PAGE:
World Library  
Flag as Inappropriate
Email this Article

Persian and Urdu

 

Persian and Urdu

The Persian language influenced the formation of many modern languages of all Asia, Europe, Central Asia, and South Asian regions, including the South Asian language Urdu.[1]

Following the Turko-Persian Ghaznavid conquest of South Asia, the speech based in Delhi's Khariboli and other dialects of the South Asia received a large influx of Persian, Turkish and Arabic vocabulary, as well as a limited number of grammatical patterns from these languages. The subsequent Turko-Afghan Delhi Sultanate gave way for a further continuation of this. The basis in general for the introduction of Persian language into the subcontinent was set, from its earliest days, by various Persianized Central Asian Turkic and Afghan dynasties.[2] Eventually, this lexically hybrid language that emerged in the northern subcontinent, was called Zaban-e-Urdu-e-Mualla ('language of the exalted (army) camp') to distinguish it from Farsi, the court language, and was later shortened to just Urdu. It grew from the interaction of Persian and Turkic speaking Muslim soldiers and the native peoples.[3] Under Persian influence from the state, the Persian script and Nasta'liq form of cursive writing was adopted, with additional figures added to accommodate the Indo-Aryan phonetic system.

Urdu is grammatically an Indo-Aryan language, written in the Perso-Arabic script, and contains literary conventions and specialized vocabulary largely from Persian.[4] Some grammatical elements peculiar to Persian, such as the enclitic ezāfe, and the use of the takhallus, were readily absorbed into Urdu literature both in the religious and secular spheres.

Urdu soon gained distinction in literary and cultural spheres in South Asia because of the hybrid nature of the language, producing a distinct Indo-Persian blending. A famous cross-over writer was Amir Khusro, whose Persian and Urdu couplets are to this day read in South Asia. Allama Iqbal was also a prominent South Asian writer who wrote in Persian and Urdu.

Contents

  • Urdu scholars in Persian literature 1
  • See also 2
  • References 3
  • External links 4

Urdu scholars in Persian literature

Urdu Persian scholars include:

  • Amir Khusro[5]
  • Allama Iqbal[6]
  • Mirza Ghalib[7]
  • Dr. Rais Numani[8]
  • Allama Jamil mazhari[9]
  • Dr. Shamim Hashimi[10]
  • Ataur Rahman Ata Kakwi[11]

See also

References

  1. ^ http://www.ethnologue.com/15/show_family.asp?subid=90019
  2. ^ Sigfried J. de Laet. History of Humanity: From the seventh to the sixteenth century UNESCO, 1994. ISBN 9231028138 p 734
  3. ^ Hindi by Yamuna Kachru http://books.google.co.uk/books?id=ooH5VfLTQEQC&pg=PA2&lpg=PA2&dq=urdu+heavy+persian&source=bl&ots=dG3qgmaV95&sig=WivP7AW9eRlTcp4oscBoHCBFEE0&hl=en&ei=9sp8SqzpLI6y-AaM5vxG&sa=X&oi=book_result&ct=result&resnum=9#v=onepage&q=urdu%20heavy%20persian&f=false
  4. ^ Hindi By Yamuna Kachru http://books.google.co.uk/books?id=ooH5VfLTQEQC&pg=PA2&lpg=PA2&dq=urdu+heavy+persian&source=bl&ots=dG3qgmaV95&sig=WivP7AW9eRlTcp4oscBoHCBFEE0&hl=en&ei=9sp8SqzpLI6y-AaM5vxG&sa=X&oi=book_result&ct=result&resnum=9#v=onepage&q=urdu%20heavy%20persian&f=false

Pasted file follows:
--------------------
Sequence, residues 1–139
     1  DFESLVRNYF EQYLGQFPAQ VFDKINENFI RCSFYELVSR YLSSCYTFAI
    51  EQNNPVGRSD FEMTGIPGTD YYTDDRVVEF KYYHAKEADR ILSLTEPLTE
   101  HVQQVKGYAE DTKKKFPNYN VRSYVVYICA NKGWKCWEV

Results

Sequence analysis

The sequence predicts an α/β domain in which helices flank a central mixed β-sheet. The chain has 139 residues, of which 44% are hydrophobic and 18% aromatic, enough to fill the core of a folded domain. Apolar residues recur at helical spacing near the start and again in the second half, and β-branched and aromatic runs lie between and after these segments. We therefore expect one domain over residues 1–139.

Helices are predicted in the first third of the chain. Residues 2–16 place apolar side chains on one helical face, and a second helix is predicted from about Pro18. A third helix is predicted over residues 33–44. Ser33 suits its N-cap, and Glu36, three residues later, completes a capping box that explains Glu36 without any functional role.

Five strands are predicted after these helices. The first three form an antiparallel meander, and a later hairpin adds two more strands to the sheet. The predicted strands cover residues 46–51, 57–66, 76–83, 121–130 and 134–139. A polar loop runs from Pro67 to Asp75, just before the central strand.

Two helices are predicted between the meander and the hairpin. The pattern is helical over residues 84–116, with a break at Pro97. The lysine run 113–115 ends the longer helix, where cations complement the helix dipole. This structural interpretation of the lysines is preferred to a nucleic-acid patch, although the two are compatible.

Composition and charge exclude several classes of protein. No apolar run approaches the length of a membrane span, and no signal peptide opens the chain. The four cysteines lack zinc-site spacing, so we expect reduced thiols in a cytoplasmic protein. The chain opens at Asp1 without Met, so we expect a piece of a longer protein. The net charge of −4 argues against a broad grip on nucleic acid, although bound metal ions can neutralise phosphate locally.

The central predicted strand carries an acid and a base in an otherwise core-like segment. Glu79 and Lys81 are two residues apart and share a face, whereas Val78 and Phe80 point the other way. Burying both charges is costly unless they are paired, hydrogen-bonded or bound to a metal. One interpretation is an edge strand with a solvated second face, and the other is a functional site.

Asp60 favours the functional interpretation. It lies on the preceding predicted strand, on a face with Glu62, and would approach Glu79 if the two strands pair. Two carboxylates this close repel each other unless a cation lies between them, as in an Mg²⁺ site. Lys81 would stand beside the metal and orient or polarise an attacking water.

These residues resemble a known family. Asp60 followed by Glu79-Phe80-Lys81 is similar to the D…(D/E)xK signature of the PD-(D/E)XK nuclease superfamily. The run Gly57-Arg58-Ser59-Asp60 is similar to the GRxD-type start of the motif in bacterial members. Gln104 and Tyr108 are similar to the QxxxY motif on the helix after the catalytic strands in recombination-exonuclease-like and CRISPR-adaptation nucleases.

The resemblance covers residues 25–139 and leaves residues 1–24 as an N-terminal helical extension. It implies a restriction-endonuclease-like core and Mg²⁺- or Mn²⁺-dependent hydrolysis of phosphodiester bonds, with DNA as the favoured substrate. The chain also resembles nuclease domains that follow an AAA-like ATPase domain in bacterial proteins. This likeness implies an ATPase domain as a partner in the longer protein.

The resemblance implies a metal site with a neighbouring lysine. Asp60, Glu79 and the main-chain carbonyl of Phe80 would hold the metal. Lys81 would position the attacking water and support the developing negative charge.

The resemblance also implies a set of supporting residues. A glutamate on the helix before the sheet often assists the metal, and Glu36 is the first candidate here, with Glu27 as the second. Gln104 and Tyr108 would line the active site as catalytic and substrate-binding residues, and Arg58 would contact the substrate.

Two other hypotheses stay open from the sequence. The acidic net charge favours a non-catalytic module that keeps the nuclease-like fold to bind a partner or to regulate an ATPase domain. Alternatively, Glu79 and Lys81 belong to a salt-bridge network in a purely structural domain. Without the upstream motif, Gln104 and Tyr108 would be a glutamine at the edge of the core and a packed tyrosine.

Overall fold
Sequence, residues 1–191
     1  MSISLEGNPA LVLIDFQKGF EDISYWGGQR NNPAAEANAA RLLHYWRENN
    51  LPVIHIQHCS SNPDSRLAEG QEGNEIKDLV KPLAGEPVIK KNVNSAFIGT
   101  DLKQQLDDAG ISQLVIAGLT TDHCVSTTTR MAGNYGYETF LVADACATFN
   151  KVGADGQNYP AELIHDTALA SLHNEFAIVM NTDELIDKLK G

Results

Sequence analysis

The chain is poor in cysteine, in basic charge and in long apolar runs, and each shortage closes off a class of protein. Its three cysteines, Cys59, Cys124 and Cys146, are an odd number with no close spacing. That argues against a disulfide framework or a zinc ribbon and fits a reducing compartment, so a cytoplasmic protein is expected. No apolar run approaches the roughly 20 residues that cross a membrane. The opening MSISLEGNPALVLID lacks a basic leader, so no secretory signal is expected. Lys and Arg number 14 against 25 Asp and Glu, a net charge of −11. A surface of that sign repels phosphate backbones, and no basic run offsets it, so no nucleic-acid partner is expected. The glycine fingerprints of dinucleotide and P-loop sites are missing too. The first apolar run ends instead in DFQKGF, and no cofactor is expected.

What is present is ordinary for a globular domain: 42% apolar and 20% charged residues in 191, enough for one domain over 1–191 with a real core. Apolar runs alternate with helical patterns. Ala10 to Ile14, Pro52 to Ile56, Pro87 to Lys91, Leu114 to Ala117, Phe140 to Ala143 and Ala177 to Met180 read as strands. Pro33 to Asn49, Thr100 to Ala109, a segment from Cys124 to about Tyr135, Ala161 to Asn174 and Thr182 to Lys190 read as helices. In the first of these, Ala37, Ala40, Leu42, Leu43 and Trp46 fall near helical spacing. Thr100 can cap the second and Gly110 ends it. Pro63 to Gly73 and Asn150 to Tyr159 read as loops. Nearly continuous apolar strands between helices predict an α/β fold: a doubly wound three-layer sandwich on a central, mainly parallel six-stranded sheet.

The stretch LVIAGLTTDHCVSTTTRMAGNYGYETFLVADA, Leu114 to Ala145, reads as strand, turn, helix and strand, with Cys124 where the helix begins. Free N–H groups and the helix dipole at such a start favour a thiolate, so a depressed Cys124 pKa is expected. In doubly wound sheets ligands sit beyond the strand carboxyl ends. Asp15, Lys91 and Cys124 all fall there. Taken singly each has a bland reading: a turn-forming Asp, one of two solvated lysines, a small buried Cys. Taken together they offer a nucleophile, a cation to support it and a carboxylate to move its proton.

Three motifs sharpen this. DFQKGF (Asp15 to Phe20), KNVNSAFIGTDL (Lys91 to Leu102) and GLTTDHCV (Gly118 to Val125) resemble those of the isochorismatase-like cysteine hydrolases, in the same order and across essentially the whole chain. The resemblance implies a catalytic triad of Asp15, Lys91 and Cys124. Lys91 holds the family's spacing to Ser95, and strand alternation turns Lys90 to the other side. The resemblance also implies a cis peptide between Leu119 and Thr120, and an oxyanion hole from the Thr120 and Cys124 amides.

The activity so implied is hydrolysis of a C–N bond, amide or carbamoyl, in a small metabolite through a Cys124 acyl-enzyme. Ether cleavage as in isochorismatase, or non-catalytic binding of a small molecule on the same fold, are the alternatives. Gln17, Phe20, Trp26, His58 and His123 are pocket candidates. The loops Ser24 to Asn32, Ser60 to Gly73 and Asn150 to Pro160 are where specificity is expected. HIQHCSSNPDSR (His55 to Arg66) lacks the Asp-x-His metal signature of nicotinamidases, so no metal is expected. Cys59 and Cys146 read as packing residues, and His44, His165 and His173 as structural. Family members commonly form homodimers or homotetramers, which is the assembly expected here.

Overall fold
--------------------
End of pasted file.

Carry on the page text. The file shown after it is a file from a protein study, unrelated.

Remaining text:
5. ^ http://allpoetry.com/Amir_Khusro
  6. ^ http://www.allamaiqbal.com/publications/journals/review/apr79/2.htm
  7. ^ http://www.scribd.com/doc/30458478/Kulliat-e-Mirza-Ghalib-Nazme-Farsi
  8. ^ http://www.mintocircle.com/staff-directory/teaching-staff/41-teachers/5-dr-rais-ahmad-nomani.html
  9. ^ http://www.patnauniversity.ac.in/pgdebt-urdu.html
  10. ^ Zaheer Ghazipuri.2009. "http://connemara.tnopac.gov.in", Jhārkhanḍ aur Bihār ke aham ahl-i qalam, New Delhi. Nirali Dunya Publishers.184-192.
  11. ^ "ciillibrary.org", Jamal ghazal Ataur Rahman Ata Kakwi.

External links

  • English to Urdu and Persian trilingual dictionary
  • Urdu and Persian Forum
This article was sourced from Creative Commons Attribution-ShareAlike License; additional terms may apply. World Heritage Encyclopedia content is assembled from numerous content providers, Open Access Publishing, and in compliance with The Fair Access to Science and Technology Research Act (FASTR), Wikimedia Foundation, Inc., Public Library of Science, The Encyclopedia of Life, Open Book Publishers (OBP), PubMed, U.S. National Library of Medicine, National Center for Biotechnology Information, U.S. National Library of Medicine, National Institutes of Health (NIH), U.S. Department of Health & Human Services, and USA.gov, which sources content from all federal, state, local, tribal, and territorial government publication portals (.gov, .mil, .edu). Funding for USA.gov and content contributors is made possible from the U.S. Congress, E-Government Act of 2002.
 
Crowd sourced content that is contributed to World Heritage Encyclopedia is peer reviewed and edited by our editorial staff to ensure quality scholarly research articles.
 
By using this site, you agree to the Terms of Use and Privacy Policy. World Heritage Encyclopedia™ is a registered trademark of the World Public Library Association, a non-profit organization.
 



Copyright © World Library Foundation. All rights reserved. eBooks from World eBook Library are sponsored by the World Library Foundation,
a 501c(4) Member's Support Non-Profit Organization, and is NOT affiliated with any governmental agency or department.